London, 8 Nov - The United States has been calling on Iran to stop manufacturing weapons that have the potential of carrying a nuclear warhead. Iran has not paid much attention to the demands and has continued to develop a growing number of long-range ballistic missiles. Furthermore, it has also been firing a number of shorter-range missiles in conflict situations.
A minimum of 17 people were killed and dozens more injured (many of whom were women and children) when Iran fired several Fateh-110 missiles towards Iranian Kurdish dissident groups based in Iraqi Kurdistan.
At the beginning of October, Iran fired further missiles into Abu Kamal, a border town in the eastern part of Syria. This intensive missile attack included the use of Zulfiqar and Qiam-1 rockets that were aimed at Islamic State militants.
While these strikes were being planned and carried out, tensions between Iran and the United States were rising. The United States withdrew from the Joint Comprehensive Plan of Action (JCPOA), or 2015 nuclear deal as it is known, earlier this year. One set of sanctions had already taken effect, with the rests due imminently.
The strikes in September and October were actually the most intensive missile attacks that Iran has carried out in almost two decades.
Iran has a large and varied missile arsenal – one of the biggest in the region. It has thousands of cruise missiles and short- and medium- ranges ones that have the potential of reaching parts of Europe and Israel.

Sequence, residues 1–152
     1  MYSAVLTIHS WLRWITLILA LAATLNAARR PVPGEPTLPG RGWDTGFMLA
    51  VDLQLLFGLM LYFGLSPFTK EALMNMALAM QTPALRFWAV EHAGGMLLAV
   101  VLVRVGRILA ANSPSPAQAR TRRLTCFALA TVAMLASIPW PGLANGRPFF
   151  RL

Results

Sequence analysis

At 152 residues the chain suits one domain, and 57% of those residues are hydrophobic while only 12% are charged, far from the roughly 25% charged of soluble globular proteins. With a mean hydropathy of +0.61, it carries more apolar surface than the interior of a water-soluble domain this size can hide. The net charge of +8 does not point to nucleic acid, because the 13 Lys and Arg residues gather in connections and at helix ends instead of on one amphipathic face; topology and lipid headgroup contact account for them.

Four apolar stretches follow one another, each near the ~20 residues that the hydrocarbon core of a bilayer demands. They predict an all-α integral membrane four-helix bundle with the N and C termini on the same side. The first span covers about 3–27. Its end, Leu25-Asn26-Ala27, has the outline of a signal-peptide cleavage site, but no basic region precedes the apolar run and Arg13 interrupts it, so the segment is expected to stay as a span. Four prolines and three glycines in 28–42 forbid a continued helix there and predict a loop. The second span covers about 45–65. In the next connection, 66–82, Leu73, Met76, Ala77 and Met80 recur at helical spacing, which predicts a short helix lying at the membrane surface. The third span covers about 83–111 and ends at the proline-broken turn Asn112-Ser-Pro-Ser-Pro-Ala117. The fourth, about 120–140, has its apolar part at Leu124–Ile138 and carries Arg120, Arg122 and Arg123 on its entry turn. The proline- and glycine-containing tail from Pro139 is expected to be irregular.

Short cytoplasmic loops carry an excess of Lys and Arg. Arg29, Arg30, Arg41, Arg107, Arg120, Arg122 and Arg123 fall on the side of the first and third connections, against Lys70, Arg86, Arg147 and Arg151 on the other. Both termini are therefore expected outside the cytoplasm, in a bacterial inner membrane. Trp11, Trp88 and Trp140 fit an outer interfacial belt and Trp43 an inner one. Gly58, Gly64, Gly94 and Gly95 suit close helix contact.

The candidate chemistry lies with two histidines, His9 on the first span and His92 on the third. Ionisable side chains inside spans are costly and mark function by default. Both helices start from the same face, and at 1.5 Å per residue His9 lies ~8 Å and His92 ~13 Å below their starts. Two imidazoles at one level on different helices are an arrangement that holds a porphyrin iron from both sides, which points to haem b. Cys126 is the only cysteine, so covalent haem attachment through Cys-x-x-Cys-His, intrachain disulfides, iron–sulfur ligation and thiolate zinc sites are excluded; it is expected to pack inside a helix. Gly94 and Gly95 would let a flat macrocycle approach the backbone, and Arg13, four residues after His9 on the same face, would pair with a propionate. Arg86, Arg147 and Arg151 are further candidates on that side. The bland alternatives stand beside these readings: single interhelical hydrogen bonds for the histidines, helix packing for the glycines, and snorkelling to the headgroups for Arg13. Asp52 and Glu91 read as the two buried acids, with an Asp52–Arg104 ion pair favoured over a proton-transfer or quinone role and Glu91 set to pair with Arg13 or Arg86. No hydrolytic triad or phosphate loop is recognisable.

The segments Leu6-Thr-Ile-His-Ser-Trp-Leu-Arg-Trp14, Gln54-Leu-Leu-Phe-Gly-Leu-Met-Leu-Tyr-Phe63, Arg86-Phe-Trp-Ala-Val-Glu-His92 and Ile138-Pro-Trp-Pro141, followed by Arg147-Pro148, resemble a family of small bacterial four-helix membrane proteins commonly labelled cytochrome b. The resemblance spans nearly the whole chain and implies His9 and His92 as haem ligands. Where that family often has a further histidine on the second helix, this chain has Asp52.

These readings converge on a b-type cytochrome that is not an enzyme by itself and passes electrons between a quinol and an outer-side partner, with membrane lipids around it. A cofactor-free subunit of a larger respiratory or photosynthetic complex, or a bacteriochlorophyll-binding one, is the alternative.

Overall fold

However, Iran does not have intercontinental missiles that are capable of delivering atomic warheads to much further distances. The United Kingdom, the United States, France, China and Russia have intercontinental ballistic missiles that can be sent across the globe.
But, earlier this year, researchers in the United States exposed a potential secret test-site for ballistic missiles near a town called Shahrud in the desert. An expert from the UK-based International Institute for Strategic Studies indicated that Iran believes this secret site will enable Iran to develop an intercontinental ballistic missile in the next five to 10 years.
The Trump administration is working under the theory that sanctions will push Iran into abandoning its ballistic missile program and the development that goes along with it. However, Iran is already under the threat of sanctions and it is not going to give the ballistic missiles up without a fight. Or unless it has some great incentive to do so.
Perhaps it would be more prudent of the Trump administration to ensure that – for now – Iran cannot access or develop the missiles that will do the most damage. Limiting Iran to a certain range is a lot more realistic, and will be received better, than trying to make it abandon everything related to ballistic missiles.
Foreign Minister Mohammad Javad Zarif has already warned: “If we cannot openly trade our commodities, if we cannot get what we want to get from open, transparent international transactions, we will not lie down and wait to die. We will do it. We will do it through whatever means that is necessary.”